Moshe Vilozny remembers the time in 2009 when Fishbone played Moe’s Alley. Unlike most shows he booked, this one felt like things could get out of hand at any moment. In fact, the club, which tended to book blues, reggae, Americana, and mellow indie rock at the time, didn’t have staff for crowd control—it wasn’t needed. But at that show, owner Bill Welch told Vilozny to go over to the stage to make sure no one got hurt.
“I didn’t know how crazy it would get with Fishbone getting older,” Vilozny says. “[Lead singer] Angelo [Moore] jumps off, he’s swinging on our lighting rig, flipping over, hanging on his leg, just going absolutely nuts. That’s probably one of the edgiest shows we ever booked at Moe’s.”
Vilozny began helping out Welch with booking in 2005, and did not expect it to become his career for the next decade and a half. But on July 31, he’s going to officially retire, and celebrate the moment with a performance of his own tunes, along with sets from Peter Harper and Dave Holodiloff.
“I wasn’t intending to do this for as long as I did. I started working there while I was going to UCSC,” Vilozny says.
Fortunately for locals, Moe’s Alley is in good hands with new owners Lisa Norelli and Brian Ziel, who took over the club from Welch this year and are eager to keep the spot great.
Under Welch’s ownership, Moe’s has been a very consistent venue, with several of the same acts coming through every year to good-sized crowds. In an industry with extremely high turnover, Vilozny booked for 16 years, developed relationships with people in the industry, and got to understand the markets extremely well. It was hard to pinpoint exactly what constituted a Moe’s Alley show, but you knew it when you saw it.
“It was comfortable for everybody, everyone knew what to expect,” Vilozny explains. “It was the kind of thing where people could just walk in—I’m just going to Moe’s and see a good show. We had, like, a certain thing we were going for.”
Welch and Phil Lewis opened the club in 1992 as a purely blues venue. Lewis left about a decade later, and Welch knew he wanted to broaden the kinds of acts that played there. On Jan. 7, 2005, Vilozny booked his own band there, the eclectic world beat-infused Universal Language, which sold that show out. Afterward, Welch chatted with him and found out that since 2000, he’d had experience at Palookaville and the Catalyst, and knew his way around several markets, including reggae, bluegrass, and Americana. At first, Welch continued to book blues and other acts he knew well, while Vilozny took over with other genres. He also helped with press releases, filing contracts, prepping ads in the paper. By 2020, Vilozny was booking nearly all the acts that played at Moe’s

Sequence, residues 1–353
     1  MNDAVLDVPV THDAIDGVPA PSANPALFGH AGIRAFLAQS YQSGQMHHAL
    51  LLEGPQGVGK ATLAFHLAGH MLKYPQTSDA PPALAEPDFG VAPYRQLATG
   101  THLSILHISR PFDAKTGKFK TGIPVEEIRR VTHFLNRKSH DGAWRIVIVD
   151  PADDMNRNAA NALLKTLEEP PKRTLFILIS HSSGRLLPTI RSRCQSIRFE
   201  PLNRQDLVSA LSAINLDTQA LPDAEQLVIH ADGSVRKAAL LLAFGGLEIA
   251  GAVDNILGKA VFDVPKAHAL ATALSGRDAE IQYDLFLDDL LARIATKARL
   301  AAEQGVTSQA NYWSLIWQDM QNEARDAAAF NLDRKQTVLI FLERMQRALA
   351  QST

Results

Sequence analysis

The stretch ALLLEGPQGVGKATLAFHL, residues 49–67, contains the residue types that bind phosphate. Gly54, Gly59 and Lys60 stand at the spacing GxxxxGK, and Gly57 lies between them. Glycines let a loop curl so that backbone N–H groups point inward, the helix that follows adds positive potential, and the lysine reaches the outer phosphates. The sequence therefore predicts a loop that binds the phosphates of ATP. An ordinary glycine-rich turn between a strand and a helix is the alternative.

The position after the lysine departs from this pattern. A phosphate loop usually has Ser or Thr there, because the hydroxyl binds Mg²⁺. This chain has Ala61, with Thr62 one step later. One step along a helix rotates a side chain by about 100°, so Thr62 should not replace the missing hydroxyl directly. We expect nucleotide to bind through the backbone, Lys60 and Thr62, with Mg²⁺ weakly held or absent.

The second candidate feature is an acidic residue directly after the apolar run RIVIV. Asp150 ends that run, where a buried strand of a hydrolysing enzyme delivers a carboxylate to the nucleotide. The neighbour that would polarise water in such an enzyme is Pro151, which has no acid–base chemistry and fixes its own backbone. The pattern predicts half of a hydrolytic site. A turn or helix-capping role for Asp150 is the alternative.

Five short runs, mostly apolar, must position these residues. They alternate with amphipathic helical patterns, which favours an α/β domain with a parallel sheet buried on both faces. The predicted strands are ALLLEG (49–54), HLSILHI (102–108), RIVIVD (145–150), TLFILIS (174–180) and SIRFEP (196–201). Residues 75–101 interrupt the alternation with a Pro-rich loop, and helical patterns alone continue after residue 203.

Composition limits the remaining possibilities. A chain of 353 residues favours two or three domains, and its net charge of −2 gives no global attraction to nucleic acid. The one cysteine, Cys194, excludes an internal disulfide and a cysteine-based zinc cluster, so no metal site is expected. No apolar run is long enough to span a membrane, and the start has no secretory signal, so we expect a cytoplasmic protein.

“It was definitely a team effort, and I want to stress that and show Bill Welch some love for all the work he put in supporting live music. He dedicated his life to the venue. More hands-on and involved than any other club owner I know.”
When the pandemic hit, Moe’s completely shut down. Unlike some of the other spots, they couldn’t operate as a restaurant or throw outdoor shows. By mid-April, once it was clear this was going to go on for quite a while, Vilozny used the time to get his substitute teaching credentials. During the summer, he enrolled in online classes for his Masters in Elementary Education.
“I’m ready to give that a try, something that’s more—I don’t know if it’s mainstream, but more secure,” Vilozny says “I like working with kids.”
Moe’s new owners are off to a good start. Once they bought the venue in early 2021, Vilozny started getting them up to speed.
“The new team is doing a great job,” Vilozny says. “I am stoked the Moe’s legacy is continuing with them. It’s the perfect fit and I have no regrets. I have nothing but love for Moe’s Alley and the folks that have helped make it one of the best live music venues in the area.”
Moshe Vilozny performs with Peter Harper and Dave Dave Holodiloff at 6pm on Saturday, July 31 at Moe’s Alley, 1535 Commercial Way, Santa Cruz. $15. 831-479-1854.